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Adherence With Iron Sprinkles Among High-Risk Infants

This study has been completed.
Sponsor:
ClinicalTrials.gov Identifier:
NCT00136266
First Posted: August 29, 2005
Last Update Posted: February 3, 2016
The safety and scientific validity of this study is the responsibility of the study sponsor and investigators. Listing a study does not mean it has been evaluated by the U.S. Federal Government. Read our disclaimer for details.
Information provided by:
Centers for Disease Control and Prevention
  Purpose
Compared with iron drops, iron sprinkles supplied for 3 months to high-risk children beginning at age 5-7 months will increase adherence and reduce the rates of anemia and iron deficiency.

Condition Intervention Phase
Anemia Iron Deficiency Drug: Ferrous sulphate drops with vitamins A, D, and C Drug: Ferrous fumarate sprinkles with vitamins and minerals Phase 3

Study Type: Interventional
Study Design: Allocation: Randomized
Intervention Model: Parallel Assignment
Masking: None (Open Label)
Primary Purpose: Prevention
Official Title: Adherence With Iron Sprinkles Among High-Risk Infants

Resource links provided by NLM:


Further study details as provided by Centers for Disease Control and Prevention:

Primary Outcome Measures:
  • full adherence, use of iron supplements 6-7 days/week for 3 months

Secondary Outcome Measures:
  • iron deficiency at 9 months of age
  • anemia at 9 months of age

Enrollment: 128
Study Start Date: March 2005
Study Completion Date: December 2005
Primary Completion Date: December 2005 (Final data collection date for primary outcome measure)
Detailed Description:

Iron deficiency is the most common known nutrient deficiency and cause of anemia in childhood. It is associated with numerous adverse health effects, particularly delayed mental and motor development, that may be irreversible. Despite advances of iron nutrition, the prevalence of iron deficiency remains high among low-income infants and toddlers. Previous studies suggest adherence with iron containing drops is low. Adherence to iron sprinkles among children as tested in studies in less developed countries appears high.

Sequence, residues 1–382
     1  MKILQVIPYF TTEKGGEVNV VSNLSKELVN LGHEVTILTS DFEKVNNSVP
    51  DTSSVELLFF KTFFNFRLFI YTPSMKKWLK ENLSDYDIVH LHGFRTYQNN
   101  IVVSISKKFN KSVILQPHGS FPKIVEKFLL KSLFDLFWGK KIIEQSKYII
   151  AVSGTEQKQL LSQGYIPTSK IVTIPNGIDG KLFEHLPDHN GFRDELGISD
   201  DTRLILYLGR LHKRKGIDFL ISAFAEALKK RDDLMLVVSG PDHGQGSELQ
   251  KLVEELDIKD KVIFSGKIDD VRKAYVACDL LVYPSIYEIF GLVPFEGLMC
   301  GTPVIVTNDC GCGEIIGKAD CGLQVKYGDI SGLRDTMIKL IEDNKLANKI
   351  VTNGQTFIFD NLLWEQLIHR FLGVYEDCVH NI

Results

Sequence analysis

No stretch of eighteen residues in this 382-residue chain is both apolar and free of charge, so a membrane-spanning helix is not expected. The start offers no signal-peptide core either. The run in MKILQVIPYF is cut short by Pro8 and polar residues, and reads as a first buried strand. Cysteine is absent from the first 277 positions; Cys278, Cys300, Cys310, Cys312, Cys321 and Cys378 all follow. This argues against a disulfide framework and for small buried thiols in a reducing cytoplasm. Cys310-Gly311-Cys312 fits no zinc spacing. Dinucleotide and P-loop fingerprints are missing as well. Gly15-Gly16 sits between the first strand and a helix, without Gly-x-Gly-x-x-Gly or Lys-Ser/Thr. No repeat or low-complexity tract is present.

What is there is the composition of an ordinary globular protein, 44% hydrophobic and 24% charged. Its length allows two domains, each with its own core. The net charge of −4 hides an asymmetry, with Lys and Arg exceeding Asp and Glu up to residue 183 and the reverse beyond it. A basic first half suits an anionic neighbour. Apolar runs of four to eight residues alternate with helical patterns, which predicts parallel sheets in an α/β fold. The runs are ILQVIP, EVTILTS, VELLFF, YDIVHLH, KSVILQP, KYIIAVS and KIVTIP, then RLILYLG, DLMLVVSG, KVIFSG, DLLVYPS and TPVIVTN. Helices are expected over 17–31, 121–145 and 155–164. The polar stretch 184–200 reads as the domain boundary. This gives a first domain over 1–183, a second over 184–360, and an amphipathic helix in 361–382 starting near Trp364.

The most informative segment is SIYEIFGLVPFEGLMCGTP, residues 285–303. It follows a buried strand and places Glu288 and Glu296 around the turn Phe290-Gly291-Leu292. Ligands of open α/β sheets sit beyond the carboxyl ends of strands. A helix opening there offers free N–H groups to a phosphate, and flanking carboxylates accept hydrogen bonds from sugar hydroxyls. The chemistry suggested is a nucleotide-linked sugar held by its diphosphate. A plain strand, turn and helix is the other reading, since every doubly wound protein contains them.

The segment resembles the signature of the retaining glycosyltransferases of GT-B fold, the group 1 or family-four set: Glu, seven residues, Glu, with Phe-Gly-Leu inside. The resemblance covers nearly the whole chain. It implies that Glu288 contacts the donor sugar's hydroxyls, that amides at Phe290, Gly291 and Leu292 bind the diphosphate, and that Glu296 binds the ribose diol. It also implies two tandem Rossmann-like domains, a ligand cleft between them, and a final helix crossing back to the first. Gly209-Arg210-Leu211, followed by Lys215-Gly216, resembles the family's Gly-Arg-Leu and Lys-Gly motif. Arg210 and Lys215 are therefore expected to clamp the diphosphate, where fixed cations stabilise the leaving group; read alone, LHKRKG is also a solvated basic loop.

Comparison: Children randomized to ferrous sulfate drops will be compared with children randomized to ferrous fumarate sprinkles.

  Eligibility

Information from the National Library of Medicine

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Ages Eligible for Study:   5 Months to 7 Months   (Child)
Sexes Eligible for Study:   All
Accepts Healthy Volunteers:   Yes
Criteria

Inclusion Criteria:

  • Healthy infants
  • Age 5-7 months
  • Presenting for 6 months well-child care
  • Caregiver speaks English or Spanish

Exclusion Criteria:

  • Pre-existing medical conditions with potential relation to iron deficiency or anemia (e.g., hemoglobinopathies, gastrointestinal disorders resulting in malabsorption, chronic renal disease, gestational age at birth of less than 36 weeks, and HIV infection)
  • Inability to speak English or Spanish
  • Use of vitamin or iron supplements in the previous three months
  Contacts and Locations
Information from the National Library of Medicine

To learn more about this study, you or your doctor may contact the study research staff using the contact information provided by the sponsor.

Please refer to this study by its ClinicalTrials.gov identifier (NCT number): NCT00136266


Locations
United States, Massachusetts
Whittier Street Health Center
Boston, Massachusetts, United States, 02108
Boston Medical Center Pediatric Primary Care Clinic
Boston, Massachusetts, United States, 02118
Sponsors and Collaborators
Centers for Disease Control and Prevention
Investigators
Principal Investigator: Paul L. Geltman, MD, MPH Boston University
  More Information

Publications:
ClinicalTrials.gov Identifier: NCT00136266     History of Changes
Other Study ID Numbers: CDC-NCCDPHP-MM-0835-O5/05
CDC-MM-0835-O5/05
First Submitted: August 25, 2005
First Posted: August 29, 2005
Last Update Posted: February 3, 2016
Last Verified: September 2007

Keywords provided by Centers for Disease Control and Prevention:
Adherence
Supplements
Iron
Iron deficiency
Anemia
Vitamins
Minerals

Additional relevant MeSH terms:
Anemia, Iron-Deficiency
Anemia, Hypochromic
Anemia
Hematologic Diseases
Iron Metabolism Disorders
Metabolic Diseases
Vitamins
Vitamin A
Vitamin D
Iron
Ferrous fumarate
Micronutrients
Growth Substances
Physiological Effects of Drugs
Trace Elements
Bone Density Conservation Agents